Now I may not have everything word for word (thumbed it into my Palm). He also stated digital polity principles of privacy, representation, honesty and equity. He implies that leaders still have utility and a role to play, but they need to engage the digital constituency and build trust. We don't depend upon the media because we are skeptics and experts, we are global and can engage in collective action without government. That said, digital needs to negotiate with analog. But these are powerful and re-occuring themes.
What is encouraging, if not remarkable, is that Reed is a civil servant, nay, politician, who undertands his new constituency and its reasonable demands.
At the end he did casually remark that we should abolish the US Senate, as they are a distortion of representation, serving only 15% of citizens. The point he is making, though, is that leaders fall behind their citizens (especially in times like these). Perhaps because they are not engaged with their constituents. Perhaps because their interests are conflicted. But the difference is our representatives need to recognize our new found powers to deliberate and represent ourselves at a pace they need to understand.
Which brings me back to Dean. If a candidate and causes can raise money on the Net, they can engage in institutional pluralism. Direct participation within the social network of decision makers. This scares most policy makers, as the game has changed.
Its a grass roots game ripe for changing minds and policy. Valdis forwarded a paper, Encouraging Political Defections: The Role of Personal Discussion Networks in Partisan Desertions to the Opposition Party and Perot Votes by Paul Beck, that I found absolutely stunning. We are bi-polar in our political views by nature, tend to filter out news we can identify is from the opposition and are comfortable in the absence of change. But when an issue is socialized we have a greater chance of changing our minds. When our social network provides new ideas and affirmations, we are more likely to take new positions.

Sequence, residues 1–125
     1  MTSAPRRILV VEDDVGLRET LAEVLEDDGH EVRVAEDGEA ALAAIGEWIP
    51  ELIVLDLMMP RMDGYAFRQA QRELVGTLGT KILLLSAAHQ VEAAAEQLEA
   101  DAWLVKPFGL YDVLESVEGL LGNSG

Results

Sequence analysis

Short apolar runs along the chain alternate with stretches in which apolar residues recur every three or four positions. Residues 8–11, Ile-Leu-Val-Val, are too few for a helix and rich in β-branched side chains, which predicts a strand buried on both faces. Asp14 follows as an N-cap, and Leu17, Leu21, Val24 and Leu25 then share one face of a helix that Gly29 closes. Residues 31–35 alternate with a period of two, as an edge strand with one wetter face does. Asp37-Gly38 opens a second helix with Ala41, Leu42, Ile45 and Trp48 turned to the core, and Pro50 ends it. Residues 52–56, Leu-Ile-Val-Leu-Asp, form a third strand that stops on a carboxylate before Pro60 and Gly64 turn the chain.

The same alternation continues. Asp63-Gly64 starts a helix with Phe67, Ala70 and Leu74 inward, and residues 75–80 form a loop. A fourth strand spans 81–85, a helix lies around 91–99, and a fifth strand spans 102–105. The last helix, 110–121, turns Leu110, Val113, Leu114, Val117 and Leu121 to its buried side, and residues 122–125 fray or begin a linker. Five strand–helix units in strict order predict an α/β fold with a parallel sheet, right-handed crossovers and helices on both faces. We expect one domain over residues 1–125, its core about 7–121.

Perhaps that's the power of Dean's use of Meetup. Meetup collapses time and space for deliberative groups to get together. Inevitably, some participants are strong ties for affirmation and weak ties for new ideas. What Dean is doing is opening up discussion at the social level to enact political change. How neofunctional of him. What Dean needs to do, however, is get more of us to debate -- instead of the candidates.
Resistance is Futile
Liz Lawley made a great post on in-class and in-conference back-channels over at Many-to-Many.
A key takeaway is that the back-channel will always exist. You can resist or incorporate it into your activities to focus the channel.
The Other Buzz
Buzz narrowly escapes his 15 minutes of fame. Today's NY Times story on back channels at conferences has provoked lots of interesting commentary around the web today. One tidbit to pass along. The story includes the archetypal conference blogging story of the impact of Doc Searls and Dan Gillmor sharing a link from Both "forwarded by a reader in Florida." If you want the story behind the story, go check out Buzz Bruggeman's blog buzzmodo. Buzz was that "reader in Florida" and he describes his near 15 minutes of fame. [via McGee's Musings]
Im posting this to help Buzz get a little more fame, as he deserves. The role of a remote participant has grown because of his role.
With all the attention on heckling, good to note remote participation can also be a positive contributor to an event. Arguably in a position to provide greater focus, they can cull revelvant resources and affirm points made by a speaker.
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8/19/2003; 4:16:49 PM.